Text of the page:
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The world’s oldest known woven garment

Radiocarbon dating has dated an ancient Egyptian linen shirt back to 3484-3102 B.C., making it the oldest known woven garment. Although the dress was thought to be Egypt’s oldest garment, and the oldest surviving woven garment in the world, the precise age of the dress was uncertain as previous carbon dating

Albertans are 300 years older than thought

New radiocarbon dates obtained for an ancient hunting site in Alberta are pushing back the date the first Albertans arrived there to 13,300 years ago. That means the 13,300-year-old bones, along with stone choppers and knives used to butcher the animals, predate what was thought to be North America's first identifiable

New precise timeline for early Egypt

Researchers from the University of Oxford have developed a new, more precise, timeline for early Egypt, based on new radiocarbon dates. The new finding reveals a robust timeline for the first eight kings and queens of Egypt, including, in order of succession Aha, Djer, Djet, Queen Merneith, Den, Anedjib, Semerkhet and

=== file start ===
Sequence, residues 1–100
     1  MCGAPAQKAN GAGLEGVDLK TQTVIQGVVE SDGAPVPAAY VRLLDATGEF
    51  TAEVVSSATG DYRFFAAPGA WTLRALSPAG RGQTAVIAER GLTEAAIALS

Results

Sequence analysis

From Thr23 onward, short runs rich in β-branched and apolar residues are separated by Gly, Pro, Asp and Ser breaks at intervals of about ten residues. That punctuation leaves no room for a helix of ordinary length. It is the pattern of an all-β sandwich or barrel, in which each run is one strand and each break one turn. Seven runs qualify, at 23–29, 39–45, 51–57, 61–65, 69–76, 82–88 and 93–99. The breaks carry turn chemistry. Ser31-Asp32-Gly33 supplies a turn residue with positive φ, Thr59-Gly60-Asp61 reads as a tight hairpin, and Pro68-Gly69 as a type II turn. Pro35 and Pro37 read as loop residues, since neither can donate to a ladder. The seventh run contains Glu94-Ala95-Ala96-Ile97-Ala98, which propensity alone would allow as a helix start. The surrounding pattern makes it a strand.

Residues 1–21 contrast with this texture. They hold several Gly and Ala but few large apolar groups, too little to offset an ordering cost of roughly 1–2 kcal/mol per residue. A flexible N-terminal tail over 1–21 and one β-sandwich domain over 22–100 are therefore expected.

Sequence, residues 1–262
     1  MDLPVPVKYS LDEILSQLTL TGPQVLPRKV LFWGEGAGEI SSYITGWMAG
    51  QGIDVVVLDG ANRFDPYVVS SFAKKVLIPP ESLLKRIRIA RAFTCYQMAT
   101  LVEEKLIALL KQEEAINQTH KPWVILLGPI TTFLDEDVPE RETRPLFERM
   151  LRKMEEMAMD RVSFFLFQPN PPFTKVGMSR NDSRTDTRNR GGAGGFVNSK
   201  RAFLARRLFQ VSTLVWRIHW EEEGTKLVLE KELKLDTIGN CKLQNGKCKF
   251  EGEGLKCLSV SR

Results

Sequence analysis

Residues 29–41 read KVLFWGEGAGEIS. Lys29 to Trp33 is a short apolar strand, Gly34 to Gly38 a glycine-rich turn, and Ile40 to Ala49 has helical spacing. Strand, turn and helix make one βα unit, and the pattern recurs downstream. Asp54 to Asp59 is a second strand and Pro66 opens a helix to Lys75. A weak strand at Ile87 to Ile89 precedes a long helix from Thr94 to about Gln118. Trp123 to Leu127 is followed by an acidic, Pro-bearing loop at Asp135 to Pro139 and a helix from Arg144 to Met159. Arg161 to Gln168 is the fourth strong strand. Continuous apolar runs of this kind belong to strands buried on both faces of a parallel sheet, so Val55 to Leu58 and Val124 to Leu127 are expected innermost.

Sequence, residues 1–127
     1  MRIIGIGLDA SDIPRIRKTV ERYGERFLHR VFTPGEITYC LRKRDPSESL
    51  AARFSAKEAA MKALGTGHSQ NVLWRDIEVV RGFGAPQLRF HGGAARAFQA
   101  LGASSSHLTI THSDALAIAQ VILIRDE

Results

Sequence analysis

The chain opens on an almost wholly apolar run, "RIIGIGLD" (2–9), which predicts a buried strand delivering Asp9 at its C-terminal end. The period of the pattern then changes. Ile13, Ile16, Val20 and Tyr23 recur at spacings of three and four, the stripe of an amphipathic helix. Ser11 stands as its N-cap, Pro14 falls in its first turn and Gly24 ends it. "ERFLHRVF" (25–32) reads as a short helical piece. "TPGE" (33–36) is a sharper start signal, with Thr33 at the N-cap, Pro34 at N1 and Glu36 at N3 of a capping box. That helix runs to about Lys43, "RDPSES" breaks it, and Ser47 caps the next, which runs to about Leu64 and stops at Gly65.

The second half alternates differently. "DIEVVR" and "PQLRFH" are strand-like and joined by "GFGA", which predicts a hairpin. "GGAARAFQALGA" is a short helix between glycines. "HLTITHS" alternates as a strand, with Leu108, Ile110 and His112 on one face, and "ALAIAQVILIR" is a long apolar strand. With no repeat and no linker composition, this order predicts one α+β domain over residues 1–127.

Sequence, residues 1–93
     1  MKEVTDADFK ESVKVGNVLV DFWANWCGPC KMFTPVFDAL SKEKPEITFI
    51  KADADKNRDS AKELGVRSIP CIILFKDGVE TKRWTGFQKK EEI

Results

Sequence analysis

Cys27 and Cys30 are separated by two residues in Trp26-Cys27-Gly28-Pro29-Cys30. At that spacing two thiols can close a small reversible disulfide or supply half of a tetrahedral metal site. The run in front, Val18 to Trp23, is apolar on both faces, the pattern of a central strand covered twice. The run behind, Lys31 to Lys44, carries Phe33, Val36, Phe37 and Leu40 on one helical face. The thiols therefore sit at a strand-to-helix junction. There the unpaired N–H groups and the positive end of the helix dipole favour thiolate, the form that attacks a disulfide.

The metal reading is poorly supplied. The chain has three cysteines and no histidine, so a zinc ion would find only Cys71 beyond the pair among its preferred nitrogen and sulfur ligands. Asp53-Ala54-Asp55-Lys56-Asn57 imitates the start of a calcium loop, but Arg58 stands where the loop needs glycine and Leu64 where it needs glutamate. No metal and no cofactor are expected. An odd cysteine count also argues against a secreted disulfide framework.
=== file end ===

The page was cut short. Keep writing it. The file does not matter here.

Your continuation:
The oldest rock art drawings in Australia

Charcoal drawings found in the Northern Territory of Australia have been dated back 28,000-years, making them the oldest in the country. University of Southern Queensland archeologist Bryce Barker said Monday that found the rock in June last year but only recently had it dated at New Zealand’s University of Waikato radiocarbon

Revamping radiocarbon dating

Archaeological scientist Tom Higham is working to better radiocarbon dating for samples dating back to when humans first arrive in Europe. By developing techniques that strip ancient samples of impurities, he and his team have established more accurate ages for the remains from dozens of archaeological sites. In the process, Higham

Untouched Iron Age broch discovered

Radiocarbon dating of twigs found inside an ancient broch in Scotland suggests that its interior has remained untouched since it was built during the Iron Age. The dating of twigs possibly used for woven mats points to the Assynt site remaining unaltered until it collapsed. The broch at Clachtoll was built using

The math behind radiocarbon dating

I was just reading the latest issue of Wired on my iPad and came across this cool article which explains the math behind radiocarbon dating. Living things constantly consume carbon—through photosynthesis, for plants, and for animals, ingestion of those plants. The atmospheric ratio of carbon-14 to regular carbon-12 remains consistent at

Radiocarbon dating used to verify Egyptian chronology

Radiocarbon dating has proved that the chronology of the Old, Middle and New Kingdoms is correct. The researchers dated seeds found in pharaohs' tombs, including some from the tomb of the King Tutankhamun. They write in the journal Science that some of the samples are more than 4,500 years old.

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